Publications by authors named "R Lor Randall"

709 Publications

Is osseous reattachment of the greater trochanter necessary compared to soft-tissue-only abductor repair in proximal femoral megaprosthesis reconstruction?

J Surg Oncol 2021 Mar 25. Epub 2021 Mar 25.

Department of Orthopedic Surgery, UC Davis Medical Center, University of California, Sacramento, California, USA.

Background: One of the challenges to surgical reconstruction following oncologic proximal femur resection is reliable re-establishment of the abductor mechanism. Surgical and functional outcomes following re-approximation of the abductor mechanism to a metallic endoprosthetic after tumor resection of the proximal femur have not been well established in the literature.

Methods: A retrospective review was performed, inclusive of patients who received a proximal femur replacement with a metallic endoprosthesis following tumor resection. Patients were divided into two groups: (1) those that received an abductor repair involving a trochanteric osteotomy and osseous fixation of the greater trochanter/abductor mechanism to the endoprosthesis, and (2) those that did not have a trochanteric osteotomy and therefore had an abductor repair consisting of only soft tissue reattachment to the endoprosthesis. The two groups were assessed for demographic characteristics, diagnosis, surgical outcomes including rates of complication and failure, radiographic evidence of trochanteric failure, and functional outcomes. Descriptive statistics, comparative statistics, and logistic regression analyses were performed to discern differences between the two study groups.

Results: Fifty-three patients were included in the analysis, 29 had abductor reconstructions involving reattachment of the greater trochanter to the metallic endoprosthesis and 24 had soft tissue reconstruction of the abductor mechanism without bony fixation. There were no differences between the two groups for demographic data, cancer diagnosis, follow up, or survivorship. Radiographic evidence of trochanteric dissociation from the endoprosthesis was observed in 45% of osteotomy cases. Only 10% of patients in the trochanter osteotomy group and 38% of the soft tissue only group were able to resume a normal, non-Trendelenburg gait at final postoperative visit (p = .024). Need for an assistive ambulatory device was seen in 83% and 67% of the osteotomy and soft-tissue-only patients, respectively (p = .21).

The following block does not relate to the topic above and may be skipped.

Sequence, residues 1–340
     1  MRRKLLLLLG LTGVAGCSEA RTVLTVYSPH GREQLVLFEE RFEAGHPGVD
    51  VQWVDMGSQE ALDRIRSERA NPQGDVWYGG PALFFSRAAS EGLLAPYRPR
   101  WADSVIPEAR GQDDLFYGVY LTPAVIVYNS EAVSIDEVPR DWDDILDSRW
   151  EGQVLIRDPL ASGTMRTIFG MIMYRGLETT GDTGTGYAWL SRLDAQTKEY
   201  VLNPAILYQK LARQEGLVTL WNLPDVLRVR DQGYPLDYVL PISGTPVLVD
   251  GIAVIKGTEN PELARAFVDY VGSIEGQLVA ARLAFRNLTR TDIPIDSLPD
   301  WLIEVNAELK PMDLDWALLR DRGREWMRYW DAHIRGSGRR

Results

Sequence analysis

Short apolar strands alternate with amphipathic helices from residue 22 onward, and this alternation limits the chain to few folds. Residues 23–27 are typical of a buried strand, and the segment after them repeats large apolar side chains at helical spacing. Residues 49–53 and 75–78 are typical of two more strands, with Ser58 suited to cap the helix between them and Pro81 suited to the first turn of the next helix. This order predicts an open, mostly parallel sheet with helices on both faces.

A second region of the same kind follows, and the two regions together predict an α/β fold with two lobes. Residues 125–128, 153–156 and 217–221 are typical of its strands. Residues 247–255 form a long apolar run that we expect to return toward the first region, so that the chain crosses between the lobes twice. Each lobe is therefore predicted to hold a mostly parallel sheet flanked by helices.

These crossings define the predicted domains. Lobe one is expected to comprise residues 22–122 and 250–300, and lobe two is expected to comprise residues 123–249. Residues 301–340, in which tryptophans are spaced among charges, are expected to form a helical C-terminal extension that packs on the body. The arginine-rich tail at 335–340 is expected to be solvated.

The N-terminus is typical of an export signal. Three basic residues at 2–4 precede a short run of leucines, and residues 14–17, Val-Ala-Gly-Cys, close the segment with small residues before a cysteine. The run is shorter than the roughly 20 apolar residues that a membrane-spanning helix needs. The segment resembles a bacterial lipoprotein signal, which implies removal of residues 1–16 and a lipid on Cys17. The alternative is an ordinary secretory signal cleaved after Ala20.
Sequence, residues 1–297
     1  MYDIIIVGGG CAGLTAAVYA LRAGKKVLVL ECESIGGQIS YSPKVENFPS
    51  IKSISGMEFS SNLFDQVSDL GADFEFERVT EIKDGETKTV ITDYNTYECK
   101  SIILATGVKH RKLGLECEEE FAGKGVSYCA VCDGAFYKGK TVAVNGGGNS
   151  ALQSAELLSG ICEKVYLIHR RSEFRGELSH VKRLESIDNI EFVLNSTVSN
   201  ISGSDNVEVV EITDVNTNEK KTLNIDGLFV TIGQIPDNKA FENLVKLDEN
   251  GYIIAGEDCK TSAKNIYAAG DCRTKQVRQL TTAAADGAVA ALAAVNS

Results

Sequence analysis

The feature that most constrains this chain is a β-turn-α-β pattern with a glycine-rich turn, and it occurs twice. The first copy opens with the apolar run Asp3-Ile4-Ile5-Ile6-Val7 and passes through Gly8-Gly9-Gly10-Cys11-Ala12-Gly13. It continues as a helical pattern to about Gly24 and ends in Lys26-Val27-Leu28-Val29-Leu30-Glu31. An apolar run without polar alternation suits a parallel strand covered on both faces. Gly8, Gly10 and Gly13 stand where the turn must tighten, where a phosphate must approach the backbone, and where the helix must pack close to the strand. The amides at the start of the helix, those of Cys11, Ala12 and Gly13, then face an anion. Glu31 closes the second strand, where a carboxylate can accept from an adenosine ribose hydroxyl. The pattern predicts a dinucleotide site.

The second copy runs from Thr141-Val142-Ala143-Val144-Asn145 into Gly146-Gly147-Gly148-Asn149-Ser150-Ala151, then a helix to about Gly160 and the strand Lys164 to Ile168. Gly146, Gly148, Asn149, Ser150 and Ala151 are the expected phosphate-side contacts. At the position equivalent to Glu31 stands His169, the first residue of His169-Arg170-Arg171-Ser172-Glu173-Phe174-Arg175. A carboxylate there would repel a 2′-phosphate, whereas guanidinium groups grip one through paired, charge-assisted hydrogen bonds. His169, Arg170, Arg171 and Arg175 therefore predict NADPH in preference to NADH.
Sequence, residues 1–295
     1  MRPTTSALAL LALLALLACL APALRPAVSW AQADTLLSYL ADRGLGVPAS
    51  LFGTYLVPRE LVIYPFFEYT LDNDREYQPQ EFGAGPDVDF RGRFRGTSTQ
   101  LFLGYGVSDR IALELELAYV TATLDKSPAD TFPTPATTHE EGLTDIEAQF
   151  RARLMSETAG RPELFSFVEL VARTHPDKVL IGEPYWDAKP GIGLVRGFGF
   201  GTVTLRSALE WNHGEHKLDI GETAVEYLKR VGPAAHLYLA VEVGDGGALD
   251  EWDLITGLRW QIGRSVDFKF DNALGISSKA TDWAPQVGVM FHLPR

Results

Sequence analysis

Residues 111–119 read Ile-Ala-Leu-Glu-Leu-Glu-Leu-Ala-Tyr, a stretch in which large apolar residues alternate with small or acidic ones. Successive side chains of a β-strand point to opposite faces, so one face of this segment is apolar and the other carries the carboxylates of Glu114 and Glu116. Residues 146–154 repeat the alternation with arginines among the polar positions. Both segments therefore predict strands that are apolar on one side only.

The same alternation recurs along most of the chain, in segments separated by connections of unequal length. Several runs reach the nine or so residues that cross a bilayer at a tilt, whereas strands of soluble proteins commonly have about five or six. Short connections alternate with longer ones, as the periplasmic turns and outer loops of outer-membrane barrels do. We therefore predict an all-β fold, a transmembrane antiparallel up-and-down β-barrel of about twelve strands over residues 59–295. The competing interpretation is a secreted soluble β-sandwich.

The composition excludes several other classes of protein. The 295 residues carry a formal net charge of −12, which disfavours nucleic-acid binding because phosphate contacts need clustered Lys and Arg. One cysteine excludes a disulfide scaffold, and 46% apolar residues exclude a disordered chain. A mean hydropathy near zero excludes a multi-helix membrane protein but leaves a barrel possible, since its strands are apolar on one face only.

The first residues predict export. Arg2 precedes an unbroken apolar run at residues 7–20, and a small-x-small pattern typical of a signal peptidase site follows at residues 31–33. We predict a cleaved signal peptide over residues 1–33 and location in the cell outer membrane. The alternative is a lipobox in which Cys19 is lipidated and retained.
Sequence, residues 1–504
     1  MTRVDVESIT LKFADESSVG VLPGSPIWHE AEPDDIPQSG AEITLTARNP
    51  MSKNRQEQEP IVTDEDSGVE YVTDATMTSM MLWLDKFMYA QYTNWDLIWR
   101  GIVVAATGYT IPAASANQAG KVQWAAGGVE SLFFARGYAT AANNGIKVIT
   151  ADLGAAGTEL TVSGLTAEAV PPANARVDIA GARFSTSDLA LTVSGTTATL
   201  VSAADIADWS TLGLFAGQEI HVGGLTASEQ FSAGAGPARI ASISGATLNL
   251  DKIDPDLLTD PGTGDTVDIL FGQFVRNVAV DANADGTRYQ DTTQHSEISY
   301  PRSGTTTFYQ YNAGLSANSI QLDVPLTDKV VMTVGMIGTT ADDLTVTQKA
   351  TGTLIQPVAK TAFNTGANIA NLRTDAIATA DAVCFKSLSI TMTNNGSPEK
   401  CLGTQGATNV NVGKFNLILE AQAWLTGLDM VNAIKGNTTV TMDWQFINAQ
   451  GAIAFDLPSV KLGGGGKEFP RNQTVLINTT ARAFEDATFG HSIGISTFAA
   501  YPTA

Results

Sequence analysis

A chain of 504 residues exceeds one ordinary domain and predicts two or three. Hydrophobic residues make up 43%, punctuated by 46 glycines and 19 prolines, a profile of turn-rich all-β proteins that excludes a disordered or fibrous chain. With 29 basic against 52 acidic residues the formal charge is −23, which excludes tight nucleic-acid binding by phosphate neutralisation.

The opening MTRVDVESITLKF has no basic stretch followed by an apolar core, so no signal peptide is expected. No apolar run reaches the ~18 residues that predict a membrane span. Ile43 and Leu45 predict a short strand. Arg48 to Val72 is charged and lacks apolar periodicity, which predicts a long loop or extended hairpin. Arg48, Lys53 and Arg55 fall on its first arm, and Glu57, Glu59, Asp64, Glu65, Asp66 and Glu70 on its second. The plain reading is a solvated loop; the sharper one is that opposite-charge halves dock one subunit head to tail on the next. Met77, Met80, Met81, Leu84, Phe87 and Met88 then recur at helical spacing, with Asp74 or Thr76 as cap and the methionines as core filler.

Conclusion: Re-establishing the abductor mechanism following proximal femur oncologic resection remains a challenge to orthopedic oncologists. Even when possible, salvage of the greater trochanter for reattachment to the endoprosthesis did not lead to improved function in this series, when compared to a similar cohort that received a soft-tissue-only abductor repair. Abductor mechanism reconstruction with a greater trochanteric osteotomy and subsequent fixation to the proximal femur endoprosthesis had a high rate of radiographic failure. Additionally, reattachment of the greater trochanter to the proximal femur endoprosthesis demonstrated no improvement in Trendelenburg gait or reliance on an assistive ambulatory device when compared to a soft-tissue-only abductor repair.
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http://dx.doi.org/10.1002/jso.26477DOI Listing
March 2021

Ischial osteoid osteoma: A cause of persistent hip pain in an adolescent patient with bilateral femoroacetabular impingement.

Radiol Case Rep 2021 May 24;16(5):1037-1041. Epub 2021 Feb 24.

Department of Orthopedic Surgery, University of Utah Health, 590 Wakara Way, Salt Lake City, UT 84108, USA.

A 15-year-old boy presented with left-sided hip pain and imaging consistent with the diagnosis of femoroacetabular impingement. Following hip arthroscopy, which included an osteochondroplasty, labral repair, and capsular repair, the patient's anterior hip pain improved. However, his deep aching hip pain persisted until an ischial osteoid osteoma was identified and treated with radiofrequency ablation. At 3 years follow-up, the patient reports high satisfaction and minimal pain. We present this case to illustrate the importance of considering all potential causes of persistent hip pain following hip arthroscopy, including benign bone tumors which may be difficult to visualize on plain radiographs.
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http://dx.doi.org/10.1016/j.radcr.2021.02.012DOI Listing
http://www.ncbi.nlm.nih.gov/pmc/articles/PMC7917454PMC
May 2021

Willingness of patients with sarcoma to participate in cancer surveillance research: a cross-sectional patient survey.

BMJ Open 2021 Feb 26;11(2):e042742. Epub 2021 Feb 26.

Department of Surgery, McMaster University, Hamilton, Ontario, Canada

Objectives: To determine the proportion of patients with extremity sarcoma who would be willing to participate in a clinical trial in which they would be randomised to one of four different postoperative sarcoma surveillance regimens. Additionally, we assessed patients' perspectives on the burden of cancer care, factors that influence comfort with randomisation and the importance of cancer research.